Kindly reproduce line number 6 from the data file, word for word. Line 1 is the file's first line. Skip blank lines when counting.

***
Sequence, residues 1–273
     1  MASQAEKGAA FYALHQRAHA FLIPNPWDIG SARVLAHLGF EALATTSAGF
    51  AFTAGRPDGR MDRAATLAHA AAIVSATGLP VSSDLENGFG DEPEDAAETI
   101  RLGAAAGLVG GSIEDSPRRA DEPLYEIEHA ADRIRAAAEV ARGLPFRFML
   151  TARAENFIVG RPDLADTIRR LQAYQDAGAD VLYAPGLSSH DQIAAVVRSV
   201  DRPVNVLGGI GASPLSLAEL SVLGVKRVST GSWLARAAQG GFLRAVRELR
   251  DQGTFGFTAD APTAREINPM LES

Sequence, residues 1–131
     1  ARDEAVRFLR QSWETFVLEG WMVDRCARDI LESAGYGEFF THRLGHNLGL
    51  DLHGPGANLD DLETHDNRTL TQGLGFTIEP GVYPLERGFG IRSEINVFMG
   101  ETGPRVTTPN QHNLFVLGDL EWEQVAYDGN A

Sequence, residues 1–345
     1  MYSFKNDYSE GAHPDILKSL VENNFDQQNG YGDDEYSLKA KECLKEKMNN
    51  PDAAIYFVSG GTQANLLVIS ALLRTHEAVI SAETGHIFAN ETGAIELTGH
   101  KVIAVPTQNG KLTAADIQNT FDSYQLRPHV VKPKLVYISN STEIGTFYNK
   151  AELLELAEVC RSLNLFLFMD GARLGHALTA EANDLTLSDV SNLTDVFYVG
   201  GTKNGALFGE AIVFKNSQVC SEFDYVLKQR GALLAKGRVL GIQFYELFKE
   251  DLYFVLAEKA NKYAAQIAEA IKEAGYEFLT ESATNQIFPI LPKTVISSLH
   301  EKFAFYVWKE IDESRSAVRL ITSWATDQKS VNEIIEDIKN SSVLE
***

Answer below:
   201  DRPVNVLGGI GASPLSLAEL SVLGVKRVST GSWLARAAQG GFLRAVRELR